Surgical Techniques in the Management of Perforating Injuries of the Globe

Yoshihiro Yonekawa, MD; James Chodosh, MD, MPH; Dean Eliott, MD


Int Ophthalmol Clin. 2013;53(4):127-137. 

In This Article

Primary Repair


The goals of primary repair are to (1) repair the wound in a watertight manner to restore globe integrity and normal intraocular pressure, (2) remove contaminated and nonviable tissue, (3) remove foreign bodies, (4) reposit viable tissue to restore original anatomy, especially uvea and retina, and (5) avoid iatrogenic damage. Attempts at repairing the globe should always be made, unless there are clear indications for enucleation, which include eyes with insufficient tissue for repair and severely injured eyes without recognizable anatomy.[13]


The primary repair should be performed as soon as reasonably possible to increase the chances of anatomic and functional recovery, and to prevent endophthalmitis.[14,15] Perforating injuries always have a posterior segment component, but vitreoretinal intervention can be delayed and performed as a staged procedure. Vitreoretinal surgery during the primary repair may be considered in rare instances when the patient with a perforating ocular injury initially presents to a vitreoretinal surgeon. However, as discussed below, there are benefits in delaying posterior segment surgery for 1 to 2 weeks.

Surgical Techniques

The first step is to determine the full extent of the injury. A 360-degree peritomy and muscle isolation should be performed for any perforated globe. All foreign bodies are removed and obviously contaminated tissues excised. The wounds are then closed using nonabsorbable sutures. Interrupted 10–0 nylon sutures are used for corneal wounds, 9–0 for limbal wounds, and 7–0 or 8–0 for scleral wounds. Corneal wound suturing techniques are discussed in another review in this issue.

Uvea should be reposited unless it is obviously contaminated. For iris prolapse through the cornea, rather than directly pushing the tissue back into the wound, we recommend creating a paracentesis wound 90 degrees away to introduce a cyclodialysis spatula to sweep the iris back inside. This maneuver is best performed when the eye is pressurized after several sutures are placed. When iris has been prolapsed through the cornea for more than several hours, it may become covered in corneal epithelium. If present, this should be gently removed before repositing.

Scleral wounds are usually closed from anterior to posterior, because unlike corneal wounds, scleral wounds often begin anteriorly and extend posterior to an unknown extent.[16] Spatulated needles should be used with good wound apposition and removal of tissue incarceration to avoid subsequent fibrous ingrowth. Muscle hooks can be used to elevate the recti if wounds are located underneath extraocular muscles. In rare instances, the rectus muscle may be secured with 6–0 Vicryl and removed from the sclera. The muscle is reattached to its original location after the wound is repaired. Uvea is often prolapsed through scleral wounds, and the assistant can reposit the tissue while the sutures are being placed. Vitreous prolapse should be cut manually using sharp Wescott scissors flush to the sclera. Vitrectomy instruments should not be placed through the wound into the eye to avoid retinal damage. If retina is identified prolapsing from the wound, all efforts should be made to preserve its integrity, and to reposit it without incarceration.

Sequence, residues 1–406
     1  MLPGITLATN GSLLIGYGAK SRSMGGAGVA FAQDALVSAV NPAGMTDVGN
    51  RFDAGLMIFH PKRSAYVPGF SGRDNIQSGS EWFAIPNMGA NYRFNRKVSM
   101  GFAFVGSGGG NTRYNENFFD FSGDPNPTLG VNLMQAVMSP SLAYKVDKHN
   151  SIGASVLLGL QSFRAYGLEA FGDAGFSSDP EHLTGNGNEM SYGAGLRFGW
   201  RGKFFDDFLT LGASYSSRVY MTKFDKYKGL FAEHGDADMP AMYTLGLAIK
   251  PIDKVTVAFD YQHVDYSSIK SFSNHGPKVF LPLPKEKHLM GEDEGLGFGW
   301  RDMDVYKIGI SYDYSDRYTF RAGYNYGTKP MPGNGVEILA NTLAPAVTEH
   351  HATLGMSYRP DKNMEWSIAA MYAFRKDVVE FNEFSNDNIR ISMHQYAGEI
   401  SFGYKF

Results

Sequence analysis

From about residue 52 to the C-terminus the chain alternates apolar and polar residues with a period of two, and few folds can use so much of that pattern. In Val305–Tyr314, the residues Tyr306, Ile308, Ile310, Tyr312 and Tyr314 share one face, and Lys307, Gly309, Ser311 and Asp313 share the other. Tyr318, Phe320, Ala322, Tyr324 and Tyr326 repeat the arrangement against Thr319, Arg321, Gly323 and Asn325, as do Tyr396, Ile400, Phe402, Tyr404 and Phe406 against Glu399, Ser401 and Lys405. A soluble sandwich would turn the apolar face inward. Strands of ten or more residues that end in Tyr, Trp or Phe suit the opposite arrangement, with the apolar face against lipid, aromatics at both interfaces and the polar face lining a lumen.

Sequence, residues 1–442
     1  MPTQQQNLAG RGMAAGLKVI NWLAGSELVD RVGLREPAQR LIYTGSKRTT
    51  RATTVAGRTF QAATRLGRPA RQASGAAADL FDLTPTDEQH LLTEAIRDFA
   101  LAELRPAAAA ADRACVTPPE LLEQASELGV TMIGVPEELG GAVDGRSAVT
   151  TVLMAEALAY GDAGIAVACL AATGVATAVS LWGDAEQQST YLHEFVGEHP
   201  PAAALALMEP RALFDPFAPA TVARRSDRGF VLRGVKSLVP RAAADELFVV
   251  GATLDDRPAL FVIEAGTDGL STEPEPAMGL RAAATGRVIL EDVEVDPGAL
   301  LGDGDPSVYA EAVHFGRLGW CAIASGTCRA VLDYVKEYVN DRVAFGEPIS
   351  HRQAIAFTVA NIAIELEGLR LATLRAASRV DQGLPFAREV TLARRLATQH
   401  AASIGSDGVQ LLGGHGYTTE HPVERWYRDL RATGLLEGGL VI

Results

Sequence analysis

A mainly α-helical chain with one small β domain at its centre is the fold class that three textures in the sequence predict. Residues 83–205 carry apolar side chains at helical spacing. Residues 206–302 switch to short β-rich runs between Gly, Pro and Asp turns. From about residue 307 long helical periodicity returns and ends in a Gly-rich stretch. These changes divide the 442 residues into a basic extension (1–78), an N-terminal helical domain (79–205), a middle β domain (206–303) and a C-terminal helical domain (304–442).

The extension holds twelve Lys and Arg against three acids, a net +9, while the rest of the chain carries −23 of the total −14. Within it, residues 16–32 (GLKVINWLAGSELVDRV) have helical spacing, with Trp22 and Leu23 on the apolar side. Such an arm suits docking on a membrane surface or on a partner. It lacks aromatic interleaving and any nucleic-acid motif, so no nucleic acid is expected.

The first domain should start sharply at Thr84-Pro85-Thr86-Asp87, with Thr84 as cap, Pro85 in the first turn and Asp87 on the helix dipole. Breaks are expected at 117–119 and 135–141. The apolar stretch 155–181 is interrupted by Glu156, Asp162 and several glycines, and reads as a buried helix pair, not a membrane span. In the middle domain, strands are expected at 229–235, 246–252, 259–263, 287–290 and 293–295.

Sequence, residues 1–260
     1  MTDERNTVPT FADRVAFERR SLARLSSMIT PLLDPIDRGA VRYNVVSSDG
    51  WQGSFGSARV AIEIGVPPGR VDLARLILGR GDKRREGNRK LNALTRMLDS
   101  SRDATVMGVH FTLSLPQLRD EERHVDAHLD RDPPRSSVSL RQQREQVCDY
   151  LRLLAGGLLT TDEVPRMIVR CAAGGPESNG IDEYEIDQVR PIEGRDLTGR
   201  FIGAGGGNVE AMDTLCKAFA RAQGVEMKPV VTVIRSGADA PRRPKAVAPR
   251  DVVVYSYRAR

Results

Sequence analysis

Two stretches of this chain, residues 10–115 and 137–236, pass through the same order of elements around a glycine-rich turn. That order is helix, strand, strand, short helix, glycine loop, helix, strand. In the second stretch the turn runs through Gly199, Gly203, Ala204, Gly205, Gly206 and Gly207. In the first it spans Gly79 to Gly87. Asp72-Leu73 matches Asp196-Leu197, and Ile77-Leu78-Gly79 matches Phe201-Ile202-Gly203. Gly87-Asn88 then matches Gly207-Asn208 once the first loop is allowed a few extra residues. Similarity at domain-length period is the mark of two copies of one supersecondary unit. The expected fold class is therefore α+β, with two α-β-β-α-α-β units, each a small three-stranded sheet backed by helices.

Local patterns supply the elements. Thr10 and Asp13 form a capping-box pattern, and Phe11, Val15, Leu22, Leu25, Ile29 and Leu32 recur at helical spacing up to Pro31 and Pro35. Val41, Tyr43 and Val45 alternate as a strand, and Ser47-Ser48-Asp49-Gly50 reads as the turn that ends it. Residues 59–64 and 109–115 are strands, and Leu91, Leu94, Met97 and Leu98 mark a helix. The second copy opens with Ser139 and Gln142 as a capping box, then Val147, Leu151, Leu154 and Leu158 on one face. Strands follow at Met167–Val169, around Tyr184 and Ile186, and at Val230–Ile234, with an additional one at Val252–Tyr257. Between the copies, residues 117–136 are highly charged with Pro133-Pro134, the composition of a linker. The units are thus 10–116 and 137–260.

Perforating injuries often have posterior exit wounds that are difficult to expose. Heroic measures to close these wounds are not necessary. Orbital contents are usually able to exert enough pressure for the wound to close spontaneously, as seen in Topping's animal model by day 7.[9] Blindly attempting to suture in the vicinities of the macula and optic nerve is not recommended. Furthermore, torquing and compressing the globe for exposure can result in intraocular hemorrhage, wound dehiscence, or prolapse of intraocular contents. The wound can be closed anteriorly, and then closed posteriorly for a reasonable distance until the benefits of further closure become negligible.